It also helps your conversion to an economistic outlook if you buy into Pareto efficiency as being the basis of ethics, the core method for determining fairness in a society. If no one can be be made better off without any one else having been made worse off as a result, then Pareto efficiency has been achieved. From a non-economist’s view, the problem with this ethical measure is that being better or worse off are relative concepts that are constantly in flux and rely a great deal on the information participants have. I’m not any worse off when I’m flying next to someone who paid have as much as I did for a fare until they tell me about it. In “Markets and Freedoms” Amartya Sen points out that “Pareto efficiency is completely unconcerned with distribution of utilities (or of incomes or anything else), and is quite uninterested in equity.” Most people, however, are interested in those things, and don’t like to see them discarded in favor of output maximization.
Anyway, Varian’s prescription for versioning informational goods reminded me of the Kindle, Amazon’s new electronic book reader that many people seem to be quite taken with. I haven’t used one, but it sounds like an oversize BlackBerry with less functionality. Varian writes: “The first point is the most fundamental: make sure that you design the product so that it can be versioned. That is, the product should be designed in a way that it is easy to reduce its quality in order to sell to a particular market segment.” The fact that the Kindle is WiFi enabled but only allows users to connect to the internet through its proprietary system and access only its sales catalog is an indication of Kindle’s success on that score. Kindle is out to set the terms of e-book reading so that it could implement differential price schemes on the fly: “If the owner of the content controls the browser, then it can choose the features of the browser to enhance the quality of consuming the content…. Controlling the browser allows the seller of content to increase the quality of what it is selling.”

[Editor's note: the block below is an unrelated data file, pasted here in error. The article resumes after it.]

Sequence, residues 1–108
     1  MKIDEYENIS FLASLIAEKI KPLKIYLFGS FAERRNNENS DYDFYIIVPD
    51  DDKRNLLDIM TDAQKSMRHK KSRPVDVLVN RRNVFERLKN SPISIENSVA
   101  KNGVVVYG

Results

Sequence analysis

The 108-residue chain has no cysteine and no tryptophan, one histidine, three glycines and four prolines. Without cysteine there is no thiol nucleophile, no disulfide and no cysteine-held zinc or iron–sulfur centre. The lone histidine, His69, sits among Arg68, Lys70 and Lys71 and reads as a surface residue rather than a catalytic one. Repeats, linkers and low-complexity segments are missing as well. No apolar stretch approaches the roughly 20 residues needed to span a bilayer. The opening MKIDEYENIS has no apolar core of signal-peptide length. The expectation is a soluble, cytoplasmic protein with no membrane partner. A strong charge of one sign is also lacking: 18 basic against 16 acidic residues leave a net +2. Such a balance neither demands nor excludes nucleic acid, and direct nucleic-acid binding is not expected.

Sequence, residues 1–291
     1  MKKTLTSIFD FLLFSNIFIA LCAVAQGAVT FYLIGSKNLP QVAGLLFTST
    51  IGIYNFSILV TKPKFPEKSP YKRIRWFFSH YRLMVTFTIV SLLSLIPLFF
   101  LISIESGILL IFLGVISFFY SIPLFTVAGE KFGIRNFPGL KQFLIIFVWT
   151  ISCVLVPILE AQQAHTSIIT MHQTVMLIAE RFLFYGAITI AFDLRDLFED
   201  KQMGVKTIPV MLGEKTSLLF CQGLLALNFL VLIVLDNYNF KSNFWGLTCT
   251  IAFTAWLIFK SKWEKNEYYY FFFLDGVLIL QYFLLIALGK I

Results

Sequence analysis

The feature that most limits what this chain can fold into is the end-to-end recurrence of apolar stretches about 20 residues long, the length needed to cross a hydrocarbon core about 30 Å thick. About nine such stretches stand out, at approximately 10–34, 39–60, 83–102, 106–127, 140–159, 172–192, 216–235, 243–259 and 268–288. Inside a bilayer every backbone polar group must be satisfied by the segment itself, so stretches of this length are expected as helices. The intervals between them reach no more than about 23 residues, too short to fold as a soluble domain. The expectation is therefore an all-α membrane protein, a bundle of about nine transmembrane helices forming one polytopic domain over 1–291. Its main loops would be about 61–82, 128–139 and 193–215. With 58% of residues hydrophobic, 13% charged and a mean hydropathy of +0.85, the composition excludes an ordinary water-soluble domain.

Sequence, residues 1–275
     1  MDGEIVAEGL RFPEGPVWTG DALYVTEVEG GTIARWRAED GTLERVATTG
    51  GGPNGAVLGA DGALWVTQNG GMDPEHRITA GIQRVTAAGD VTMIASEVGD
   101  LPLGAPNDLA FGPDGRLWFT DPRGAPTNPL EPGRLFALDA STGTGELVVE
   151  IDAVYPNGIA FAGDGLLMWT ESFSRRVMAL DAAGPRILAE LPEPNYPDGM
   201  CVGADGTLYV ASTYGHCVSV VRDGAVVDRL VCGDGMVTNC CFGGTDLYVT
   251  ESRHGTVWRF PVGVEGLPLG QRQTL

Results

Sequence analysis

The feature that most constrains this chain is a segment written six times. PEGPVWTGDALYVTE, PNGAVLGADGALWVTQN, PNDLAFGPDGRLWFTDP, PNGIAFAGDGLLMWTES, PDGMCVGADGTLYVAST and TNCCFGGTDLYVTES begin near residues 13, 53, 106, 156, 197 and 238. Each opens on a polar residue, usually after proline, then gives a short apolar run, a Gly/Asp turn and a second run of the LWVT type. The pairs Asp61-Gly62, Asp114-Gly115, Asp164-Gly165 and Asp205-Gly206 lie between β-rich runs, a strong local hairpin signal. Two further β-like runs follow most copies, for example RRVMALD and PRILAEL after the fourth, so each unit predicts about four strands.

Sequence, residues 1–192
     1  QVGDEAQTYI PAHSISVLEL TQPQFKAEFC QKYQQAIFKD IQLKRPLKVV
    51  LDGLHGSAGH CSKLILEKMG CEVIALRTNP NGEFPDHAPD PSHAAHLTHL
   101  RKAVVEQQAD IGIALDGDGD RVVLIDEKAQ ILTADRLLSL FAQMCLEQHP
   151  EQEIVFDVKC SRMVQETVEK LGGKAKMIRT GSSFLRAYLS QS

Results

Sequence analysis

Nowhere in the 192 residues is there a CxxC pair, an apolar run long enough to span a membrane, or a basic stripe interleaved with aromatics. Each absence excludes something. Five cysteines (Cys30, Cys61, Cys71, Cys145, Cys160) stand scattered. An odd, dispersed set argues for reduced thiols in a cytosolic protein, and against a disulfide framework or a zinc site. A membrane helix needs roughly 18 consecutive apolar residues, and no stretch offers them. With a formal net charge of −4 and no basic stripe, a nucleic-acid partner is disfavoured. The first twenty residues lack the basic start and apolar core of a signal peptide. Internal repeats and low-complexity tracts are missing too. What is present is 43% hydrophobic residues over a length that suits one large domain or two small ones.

I’m not a long-term skeptic about electronic books—I’m not sentimental about the magic of propping books open and smelling the wood pulp and feeling the grain of the page under my fingers and all that. (I tend to think about what a pain it is to eat and read anything but a magazine at the same time.) But I have a strong inclination to wait until the version of the Kindle comes out that is not locked down, forcing me to pay for information I could get free with WiFi, and giving me only one option for where I can go to replenish my supply of reading material. I’m waiting for the model that is basically a hand-held computer. So I’m hoping the tenets of versioning don’t prevent that device from ever being made.
// Moving Pixels
"Full Throttle: Remastered is a game made for people who don't mind pixel hunting -- like we used to play.READ the article